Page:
The aim of this study is to develop a safe, reliable human paratyphoid challenge model in which to validate vaccines and develop novel diagnostics. Human challenge studies with S. Typhi (Quailes strain) have been performed historically and recently using an adapted model.9–11 To the best of our knowledge, human challenge with virulent S. Paratyphi has not been performed previously, so this study will provide a unique opportunity to study human paratyphoid infection. The study is designed to determine the dose of S. Paratyphi A (challenge strain NVGH308) required to produce an infection attack rate of 60–75% in healthy adult volunteers who have not previously been exposed to typhoidal salmonella and are therefore immunologically naive to the challenge agent. With sufficient evidence of paratyphoid infection at a target dose, this model can then be taken forward to evaluate paratyphoid vaccine candidates.
This is a descriptive, dose-level escalation human infection study using the S. Paratyphi A challenge of ambulatory, outpatient healthy community adult volunteers. For safety, the study will start with the challenge of one individual at an initial dose of 1–5×103 colony forming units (CFU). Consecutive groups of 5 or 10 participants will then be challenged a minimum of 2 weeks apart following a decision-making algorithm for dose escalation/de-escalation (see figure 1). This algorithm was used for the typhoid challenge model developed by the University of Oxford in 2009.9
Regulation and governance
In the UK, investigational products, such as unlicensed medications and vaccines, are regulated by the Medicines for Human Use (Clinical Trials) Regulations 2004 which implement the European Clinical Trials Directive (2001/20/EC).12 However, most microbial challenge studies fall outside the remit of the European Clinical Trials Directive (ECTD) and are instead judged according to common law and best practice.13 The typhoid and paratyphoid challenge models, using a fully characterised and non-genetically modified strain, falls under this category. To achieve best practice, challenge protocols undergo independent and rigorous peer review to assess the scientific quality and appropriateness of the study methodology to answer the key objectives. This includes conforming to Good Clinical Practice (GCP) guidelines with support from a research ethics committee experienced in these studies.14 As such, local or regional ethics committees, independent of the researchers and sponsors, are fundamental for research governance of microbial challenge studies.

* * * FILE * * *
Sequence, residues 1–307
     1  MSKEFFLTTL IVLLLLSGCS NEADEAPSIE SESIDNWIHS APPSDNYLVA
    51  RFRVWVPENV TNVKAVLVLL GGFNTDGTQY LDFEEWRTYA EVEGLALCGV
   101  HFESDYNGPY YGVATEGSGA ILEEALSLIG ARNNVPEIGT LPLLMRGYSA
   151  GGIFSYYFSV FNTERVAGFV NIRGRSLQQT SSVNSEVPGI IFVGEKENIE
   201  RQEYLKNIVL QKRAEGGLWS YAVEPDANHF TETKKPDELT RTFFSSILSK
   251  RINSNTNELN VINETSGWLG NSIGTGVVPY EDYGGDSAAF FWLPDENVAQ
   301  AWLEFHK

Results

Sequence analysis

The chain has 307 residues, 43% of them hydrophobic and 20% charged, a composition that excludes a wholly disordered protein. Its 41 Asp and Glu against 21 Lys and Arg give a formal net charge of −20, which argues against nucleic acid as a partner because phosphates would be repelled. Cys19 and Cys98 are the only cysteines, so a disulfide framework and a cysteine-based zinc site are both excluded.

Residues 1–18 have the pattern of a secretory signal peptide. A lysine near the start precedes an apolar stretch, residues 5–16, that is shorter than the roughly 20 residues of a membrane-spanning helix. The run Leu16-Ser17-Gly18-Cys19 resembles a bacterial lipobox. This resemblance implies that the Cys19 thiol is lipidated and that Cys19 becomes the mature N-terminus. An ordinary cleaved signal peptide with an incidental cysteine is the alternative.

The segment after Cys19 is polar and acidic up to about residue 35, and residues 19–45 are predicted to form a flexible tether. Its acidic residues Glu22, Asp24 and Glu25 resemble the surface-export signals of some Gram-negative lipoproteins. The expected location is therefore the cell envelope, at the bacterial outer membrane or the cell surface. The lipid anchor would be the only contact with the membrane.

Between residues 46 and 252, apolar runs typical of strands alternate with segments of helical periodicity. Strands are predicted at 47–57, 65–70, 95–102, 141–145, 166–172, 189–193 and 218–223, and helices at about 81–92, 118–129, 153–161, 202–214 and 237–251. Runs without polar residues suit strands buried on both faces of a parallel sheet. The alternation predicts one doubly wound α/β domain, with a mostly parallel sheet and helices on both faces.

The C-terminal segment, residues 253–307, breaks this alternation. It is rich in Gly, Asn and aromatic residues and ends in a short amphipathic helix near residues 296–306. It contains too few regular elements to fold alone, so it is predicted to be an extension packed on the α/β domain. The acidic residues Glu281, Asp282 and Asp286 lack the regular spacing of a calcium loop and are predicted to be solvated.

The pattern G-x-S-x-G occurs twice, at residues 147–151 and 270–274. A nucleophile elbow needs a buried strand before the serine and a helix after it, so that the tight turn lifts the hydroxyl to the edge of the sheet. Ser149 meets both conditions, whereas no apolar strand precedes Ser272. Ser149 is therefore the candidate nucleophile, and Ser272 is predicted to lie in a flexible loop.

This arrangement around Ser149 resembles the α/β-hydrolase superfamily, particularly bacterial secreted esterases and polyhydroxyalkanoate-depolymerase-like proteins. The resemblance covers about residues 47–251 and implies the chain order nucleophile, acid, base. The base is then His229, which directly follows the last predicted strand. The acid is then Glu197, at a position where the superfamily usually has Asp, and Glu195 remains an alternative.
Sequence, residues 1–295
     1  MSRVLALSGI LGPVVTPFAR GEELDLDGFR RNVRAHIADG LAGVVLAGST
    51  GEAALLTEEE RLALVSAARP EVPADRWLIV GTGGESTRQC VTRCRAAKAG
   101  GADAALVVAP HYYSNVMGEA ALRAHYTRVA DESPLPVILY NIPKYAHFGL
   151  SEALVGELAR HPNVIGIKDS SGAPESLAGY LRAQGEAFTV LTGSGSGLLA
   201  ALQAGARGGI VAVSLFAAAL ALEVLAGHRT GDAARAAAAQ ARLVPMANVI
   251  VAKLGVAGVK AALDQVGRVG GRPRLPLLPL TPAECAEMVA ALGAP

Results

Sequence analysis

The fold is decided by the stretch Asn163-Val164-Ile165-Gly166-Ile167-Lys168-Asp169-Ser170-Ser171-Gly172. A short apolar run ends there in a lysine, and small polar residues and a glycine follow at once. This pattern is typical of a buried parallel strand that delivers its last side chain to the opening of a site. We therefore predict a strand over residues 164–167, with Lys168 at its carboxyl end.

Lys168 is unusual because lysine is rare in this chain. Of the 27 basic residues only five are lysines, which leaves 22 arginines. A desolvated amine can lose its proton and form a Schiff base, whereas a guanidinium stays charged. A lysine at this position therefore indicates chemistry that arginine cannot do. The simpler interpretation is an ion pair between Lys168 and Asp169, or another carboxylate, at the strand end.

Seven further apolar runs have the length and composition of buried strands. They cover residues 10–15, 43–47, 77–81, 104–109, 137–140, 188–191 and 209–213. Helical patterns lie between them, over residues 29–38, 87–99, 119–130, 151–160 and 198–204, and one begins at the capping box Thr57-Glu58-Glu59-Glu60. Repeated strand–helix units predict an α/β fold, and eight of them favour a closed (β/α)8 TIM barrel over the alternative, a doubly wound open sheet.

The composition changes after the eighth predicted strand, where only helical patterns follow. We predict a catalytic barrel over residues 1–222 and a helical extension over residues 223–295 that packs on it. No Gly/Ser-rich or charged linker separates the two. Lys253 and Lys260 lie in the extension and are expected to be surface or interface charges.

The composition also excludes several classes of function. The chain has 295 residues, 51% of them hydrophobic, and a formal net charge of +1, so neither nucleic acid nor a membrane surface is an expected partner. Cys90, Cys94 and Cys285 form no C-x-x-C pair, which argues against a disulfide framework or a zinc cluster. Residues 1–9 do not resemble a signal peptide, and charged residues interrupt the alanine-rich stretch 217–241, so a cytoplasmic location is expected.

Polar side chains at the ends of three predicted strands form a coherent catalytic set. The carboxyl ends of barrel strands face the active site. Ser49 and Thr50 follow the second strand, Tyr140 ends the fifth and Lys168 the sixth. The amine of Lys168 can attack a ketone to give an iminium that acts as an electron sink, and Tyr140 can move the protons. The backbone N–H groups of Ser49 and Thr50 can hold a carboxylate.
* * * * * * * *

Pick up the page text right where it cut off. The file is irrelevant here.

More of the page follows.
The original S. Paratyphi A strain NVGH308 was isolated in 2006 from a patient with acute paratyphoid fever as part of a study performed by the Oxford University Clinical Research Unit at Patan Hospital, Kathmandu, Nepal. It has been manufactured to Good Manufacturing Practice (GMP) standard and is supplied for study purposes by Novartis Vaccines for Global Health, Italy. Manufacturing to GMP standard, while not a regulatory requirement in the UK, fulfils best practice.13
A parent seed lot, S888P5SP01, was established in March 2010 after serial colony selections on Luria Broth PTK agar plates and stored in the Novartis Vaccines and Diagnostics bacterial seed bank (Siena, Italy). This seed lot underwent five sequential passages as part of the cell line cleaning process before being used to establish the GMP Master Cell Bank, SA-13-002, of the NVGH308 strain. GenIbet BioPharmaceuticals (Oeiras, Portugal) produced three dose levels of the challenge agent under GMP conditions. Prepared vials containing the challenge agent were stored at −80°C±5°C and transferred via an accredited courier to the Oxford Vaccine Group Laboratory in 2013.
Batch testing of the cell bank confirms O:1 and O:2 antigen positivity, batch purity and stable viable bacterial count. Ongoing stability testing of the seed lot has been performed by Novartis Vaccines and Diagnostics. The NVGH308 strain is fully characterised with known susceptibility to a number of antimicrobial options.
The primary objective is to determine the dose (in CFU) of S. Paratyphi A, challenge strain NVGH308, needed to produce a 60–75% attack rate when ingested with sodium bicarbonate solution by healthy adult volunteers. The secondary objectives will describe the interaction between bacteria and human host at baseline, through inoculation and symptomatic infection (or asymptomatic immune protection) to recovery and long-term follow-up (see table 1).